Municipal Bonds

Municipal bonds make up nearly 10% of the investment grade bond market. The $4 trillion in municipal debt is issued by government entities to cover expenses and finance projects that significantly benefit the public. This paper provides an overview of Municipal Bonds, highlighting their tax advantages, illustrating with examples, and exploring their intricacies.

Glossary of Terms

Active Bond Management An approach to buying and holding bonds which applies any number of disciplines to attempt to produce returns in excess of passive management in which bonds are simply held to maturity.
Asset-Backed Securities (ABS)
Bonds made up of a collection of consumer debts.
A bond or other debt security issued by a government agency or government-sponsored agency such as Freddie Mac or Fannie Mae, and are the highest quality debt securities after Treasuries.
Barbell Structure
A bond portfolio comprised of short and longer-term bonds, whose average produce a portfolio with an intermediate maturity, which will react to market conditions in a manner that differs from a portfolio of intermediate bonds.
Bullet Structure
A portfolio of bonds whose individual maturities are similar in term.
Callable Bond
A bond that an issuer can retire prior to its maturity date.
Convertible Bond
A bond which contains an option for exchange for a fixed number of shares of the bond issuer’s common stock.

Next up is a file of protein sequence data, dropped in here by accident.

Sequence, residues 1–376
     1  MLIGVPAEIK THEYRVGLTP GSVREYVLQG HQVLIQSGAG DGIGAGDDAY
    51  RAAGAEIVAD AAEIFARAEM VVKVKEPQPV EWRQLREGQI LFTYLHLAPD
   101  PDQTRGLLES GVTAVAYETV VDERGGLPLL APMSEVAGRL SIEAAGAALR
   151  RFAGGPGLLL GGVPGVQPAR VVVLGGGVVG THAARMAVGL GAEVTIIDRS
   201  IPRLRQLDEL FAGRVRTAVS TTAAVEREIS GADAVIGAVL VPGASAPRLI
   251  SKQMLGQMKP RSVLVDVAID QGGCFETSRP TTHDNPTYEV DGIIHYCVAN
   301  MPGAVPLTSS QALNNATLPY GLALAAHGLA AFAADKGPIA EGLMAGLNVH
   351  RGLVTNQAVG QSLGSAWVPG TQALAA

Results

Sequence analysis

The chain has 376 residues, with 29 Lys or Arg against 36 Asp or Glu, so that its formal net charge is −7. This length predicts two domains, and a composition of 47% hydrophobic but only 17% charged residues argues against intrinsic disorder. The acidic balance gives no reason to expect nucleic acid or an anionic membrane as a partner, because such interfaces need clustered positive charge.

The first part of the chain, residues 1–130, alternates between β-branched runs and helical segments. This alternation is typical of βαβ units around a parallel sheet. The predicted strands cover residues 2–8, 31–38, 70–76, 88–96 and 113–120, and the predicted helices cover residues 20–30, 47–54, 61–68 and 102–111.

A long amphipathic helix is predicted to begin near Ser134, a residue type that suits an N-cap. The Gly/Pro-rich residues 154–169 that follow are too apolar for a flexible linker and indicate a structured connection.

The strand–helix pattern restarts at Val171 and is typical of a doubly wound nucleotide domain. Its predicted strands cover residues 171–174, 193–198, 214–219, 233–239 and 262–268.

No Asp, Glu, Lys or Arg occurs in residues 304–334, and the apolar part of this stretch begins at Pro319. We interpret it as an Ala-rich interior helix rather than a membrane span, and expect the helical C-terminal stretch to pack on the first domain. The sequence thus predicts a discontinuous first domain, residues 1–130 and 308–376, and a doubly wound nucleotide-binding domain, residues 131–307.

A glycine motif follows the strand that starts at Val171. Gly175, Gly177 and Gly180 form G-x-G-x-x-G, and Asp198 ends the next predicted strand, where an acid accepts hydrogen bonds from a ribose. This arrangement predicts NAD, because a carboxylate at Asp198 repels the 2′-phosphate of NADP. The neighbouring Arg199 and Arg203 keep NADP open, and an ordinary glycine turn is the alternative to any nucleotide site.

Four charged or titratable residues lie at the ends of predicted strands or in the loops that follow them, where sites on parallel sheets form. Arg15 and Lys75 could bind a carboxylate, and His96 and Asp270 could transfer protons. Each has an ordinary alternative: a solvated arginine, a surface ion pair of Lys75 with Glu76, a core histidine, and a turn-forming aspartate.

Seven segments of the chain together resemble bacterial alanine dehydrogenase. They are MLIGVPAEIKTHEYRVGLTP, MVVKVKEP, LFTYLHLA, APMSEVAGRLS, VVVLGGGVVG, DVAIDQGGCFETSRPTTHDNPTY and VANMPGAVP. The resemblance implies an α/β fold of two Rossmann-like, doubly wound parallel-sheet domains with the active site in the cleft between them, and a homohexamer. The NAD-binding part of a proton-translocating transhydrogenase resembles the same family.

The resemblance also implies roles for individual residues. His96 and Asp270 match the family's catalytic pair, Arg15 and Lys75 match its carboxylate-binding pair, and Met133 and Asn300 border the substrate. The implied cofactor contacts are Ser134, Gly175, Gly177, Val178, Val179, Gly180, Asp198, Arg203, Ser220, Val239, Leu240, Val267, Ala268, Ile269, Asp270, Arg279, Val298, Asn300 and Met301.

The rate of change in a bond’s duration, a refinement of duration which reflects the change in a bond’s price that is not accounted for or predicted by duration.
Coupon Rate
The annual interest paid on a bond, based on a percentage of its par or face value.
Current Yield
A snapshot measure of yield, measured by coupon divided by current price.
When a bond issuer fails to make required interest or principal repayments.
A measure of interest rate sensitivity. For example, a portfolio with a duration of three years would be expected to rise 3% if interest rates were to fall 1%. It is measured in years because it can also be used to measure the time it takes to recover one’s original investment taking all cash flows into account.
High-Yield Bonds
Also known as junk bonds, high-yield bonds are bonds issued by companies that are considered to be at a greater risk of failing to make interest and principal payments on schedule.
Mortgage-Backed Securities (MBS)
Bonds made up of a collection of residential or commercial mortgages.
The yield difference between a Treasury bond and a bond of the same duration that has additional risks, such as a corporate bond.
Total Return
The actual rate of return realized over some evaluation period. Considers all sources of return: coupon interest, interest on coupon interest, and any capital gain/loss.
Tracking Error